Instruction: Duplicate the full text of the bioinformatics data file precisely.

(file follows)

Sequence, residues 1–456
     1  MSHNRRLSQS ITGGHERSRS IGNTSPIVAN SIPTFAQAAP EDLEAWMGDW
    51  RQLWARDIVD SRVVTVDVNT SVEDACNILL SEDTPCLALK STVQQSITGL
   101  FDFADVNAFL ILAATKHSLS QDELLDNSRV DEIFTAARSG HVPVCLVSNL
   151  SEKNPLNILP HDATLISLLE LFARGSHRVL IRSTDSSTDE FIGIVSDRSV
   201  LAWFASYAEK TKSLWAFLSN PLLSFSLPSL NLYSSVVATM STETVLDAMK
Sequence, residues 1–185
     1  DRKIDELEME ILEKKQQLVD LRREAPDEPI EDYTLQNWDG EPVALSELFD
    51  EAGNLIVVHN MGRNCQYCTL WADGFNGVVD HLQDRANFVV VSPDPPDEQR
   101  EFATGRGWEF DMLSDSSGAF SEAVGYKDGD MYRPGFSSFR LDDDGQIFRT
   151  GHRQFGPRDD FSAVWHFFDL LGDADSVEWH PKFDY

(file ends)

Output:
Sequence, residues 1–456
     1  MSHNRRLSQS ITGGHERSRS IGNTSPIVAN SIPTFAQAAP EDLEAWMGDW
    51  RQLWARDIVD SRVVTVDVNT SVEDACNILL SEDTPCLALK STVQQSITGL
   101  FDFADVNAFL ILAATKHSLS QDELLDNSRV DEIFTAARSG HVPVCLVSNL
   151  SEKNPLNILP HDATLISLLE LFARGSHRVL IRSTDSSTDE FIGIVSDRSV
   201  LAWFASYAEK TKSLWAFLSN PLLSFSLPSL NLYSSVVATM STETVLDAMK
Sequence, residues 1–185
     1  DRKIDELEME ILEKKQQLVD LRREAPDEPI EDYTLQNWDG EPVALSELFD
    51  EAGNLIVVHN MGRNCQYCTL WADGFNGVVD HLQDRANFVV VSPDPPDEQR
   101  EFATGRGWEF DMLSDSSGAF SEAVGYKDGD MYRPGFSSFR LDDDGQIFRT
   151  GHRQFGPRDD FSAVWHFFDL LGDADSVEWH PKFDY